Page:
The Robertsons just received a letter stating that, because of the handful of checks for which Brian was paid overtime, not only have they lost Ethan’s $350 monthly check entirely, but Social Security has declared the loss retroactive—the family must pay Social Security $1400 to repay the SSDI payments they had been receiving since May.
I write all of this for two reasons. First is to bring awareness to just how severely broken the assistance system is in the United States. It operates on a binary structure—either one is entirely on the System or entirely off. Furthermore, the income threshold at which one is kicked off the System is well below what one can afford to live on (unless one is in subsidized housing, which, because of long-standing application freezes nationwide, for all intents doesn’t exist unless you’re already living in it). Almost anything one can do to move oneself into safe financial straits is prohibited. Some people “know” the System is broken (and even more broken now because of cuts to poverty programs like Head Start and public housing, thanks to Congress’s sequester). But knowledge often is not enough to prompt one to action, which is why I asked Claire if I could share her family’s story. I wanted to put a face to what is going on in America.
The other reason I am relating this story is because I wish to serve notice to anyone who would dare write off the Robertsons as “lazy” and would tell them to “just get a job”. If you think that, first off, you haven’t read a damn word I’ve written up to this point.
And where do you suggest they “get a job”? Jobs are scarce, and the ones that are available are part-time and/or pay next to nothing nothing (thanks in large part to profit-hoarding and a refusal to invest in the country’s infrastructure, education, etc.).
If you had the gall to express such ideas to my face or to the Robertsons’, I wouldn’t blame myself or them if I/they slapped you—and I’m a pacifist. But folks never express these ideas face-to-face. They do so from the safety of blog comments sections, ballot boxes, and legislative office.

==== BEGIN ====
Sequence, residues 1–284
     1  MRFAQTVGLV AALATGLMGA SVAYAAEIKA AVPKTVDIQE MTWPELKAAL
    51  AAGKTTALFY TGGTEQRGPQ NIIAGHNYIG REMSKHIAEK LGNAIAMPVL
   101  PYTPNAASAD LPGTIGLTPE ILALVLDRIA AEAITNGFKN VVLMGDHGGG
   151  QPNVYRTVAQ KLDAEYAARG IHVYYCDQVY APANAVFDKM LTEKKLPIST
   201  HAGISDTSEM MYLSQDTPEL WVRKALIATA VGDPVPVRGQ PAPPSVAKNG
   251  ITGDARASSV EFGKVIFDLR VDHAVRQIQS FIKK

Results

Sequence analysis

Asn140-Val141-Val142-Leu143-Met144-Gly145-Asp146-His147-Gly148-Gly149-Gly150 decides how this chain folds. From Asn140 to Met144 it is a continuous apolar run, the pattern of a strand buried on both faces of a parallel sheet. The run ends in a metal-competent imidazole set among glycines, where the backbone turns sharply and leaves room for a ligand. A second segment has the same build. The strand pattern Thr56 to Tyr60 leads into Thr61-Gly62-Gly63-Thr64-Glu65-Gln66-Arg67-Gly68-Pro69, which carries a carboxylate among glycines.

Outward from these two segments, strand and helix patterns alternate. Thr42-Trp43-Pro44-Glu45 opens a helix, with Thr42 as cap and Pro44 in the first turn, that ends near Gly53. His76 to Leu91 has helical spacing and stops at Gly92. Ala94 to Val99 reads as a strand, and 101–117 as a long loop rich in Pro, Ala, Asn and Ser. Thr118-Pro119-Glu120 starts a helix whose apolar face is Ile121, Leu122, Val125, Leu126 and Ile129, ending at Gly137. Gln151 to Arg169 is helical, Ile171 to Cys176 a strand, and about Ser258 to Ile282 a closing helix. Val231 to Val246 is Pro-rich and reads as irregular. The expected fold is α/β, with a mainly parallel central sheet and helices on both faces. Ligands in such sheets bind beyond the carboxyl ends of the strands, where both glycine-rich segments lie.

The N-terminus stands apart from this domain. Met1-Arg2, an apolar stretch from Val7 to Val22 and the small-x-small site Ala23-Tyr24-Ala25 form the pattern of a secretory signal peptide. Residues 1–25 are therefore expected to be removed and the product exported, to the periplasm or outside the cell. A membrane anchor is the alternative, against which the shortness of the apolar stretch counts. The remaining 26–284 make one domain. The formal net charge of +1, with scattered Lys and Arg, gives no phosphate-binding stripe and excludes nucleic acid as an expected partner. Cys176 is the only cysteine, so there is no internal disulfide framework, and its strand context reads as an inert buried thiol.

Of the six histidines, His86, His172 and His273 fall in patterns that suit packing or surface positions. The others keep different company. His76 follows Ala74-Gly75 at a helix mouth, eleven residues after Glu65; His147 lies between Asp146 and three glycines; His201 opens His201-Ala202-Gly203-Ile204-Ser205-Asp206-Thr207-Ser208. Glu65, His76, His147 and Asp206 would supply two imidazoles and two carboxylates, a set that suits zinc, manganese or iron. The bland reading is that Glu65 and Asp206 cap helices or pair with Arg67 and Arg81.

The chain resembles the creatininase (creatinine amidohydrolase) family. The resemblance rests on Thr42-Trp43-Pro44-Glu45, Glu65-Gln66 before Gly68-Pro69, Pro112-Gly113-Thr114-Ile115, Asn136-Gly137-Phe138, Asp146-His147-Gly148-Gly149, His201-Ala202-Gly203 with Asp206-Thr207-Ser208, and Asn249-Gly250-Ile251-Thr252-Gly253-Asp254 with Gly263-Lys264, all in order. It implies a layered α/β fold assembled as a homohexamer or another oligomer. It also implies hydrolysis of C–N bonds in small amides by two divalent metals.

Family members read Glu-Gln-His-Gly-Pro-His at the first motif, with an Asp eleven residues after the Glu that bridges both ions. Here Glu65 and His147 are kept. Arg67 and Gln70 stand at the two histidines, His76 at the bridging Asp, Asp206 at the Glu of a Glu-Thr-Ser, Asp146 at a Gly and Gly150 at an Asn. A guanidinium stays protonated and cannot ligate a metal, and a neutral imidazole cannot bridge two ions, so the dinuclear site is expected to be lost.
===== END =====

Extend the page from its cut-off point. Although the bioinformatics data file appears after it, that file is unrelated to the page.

Finally, if this is your response, I’m going to question how you were raised. I was raised not to judge any human being until I had walked a mile in their shoes, and if you were raised differently, then I would ask you to make up for your poor parenting and re-educate yourself. If you don’t, you’re the lazy one, for not exercising your brain or your heart.
*Names changed to protect identity.
About Whittier StrongWhittier Strong is an MFA student in creative writing at the University of Alaska-Fairbanks, with a focus in nonfiction. He graduated from Metropolitan State University with a BA in creative writing. He has special interests in sociology and philosophy.
Posted on 22 August, 2013, in Commentary, Narrative and tagged compassion, disability, food stamps, health care, poverty, PTSD, sequester, Social Security, Social Security Disability Insurance, SSDI, truth, United States. Bookmark the permalink. 6 Comments.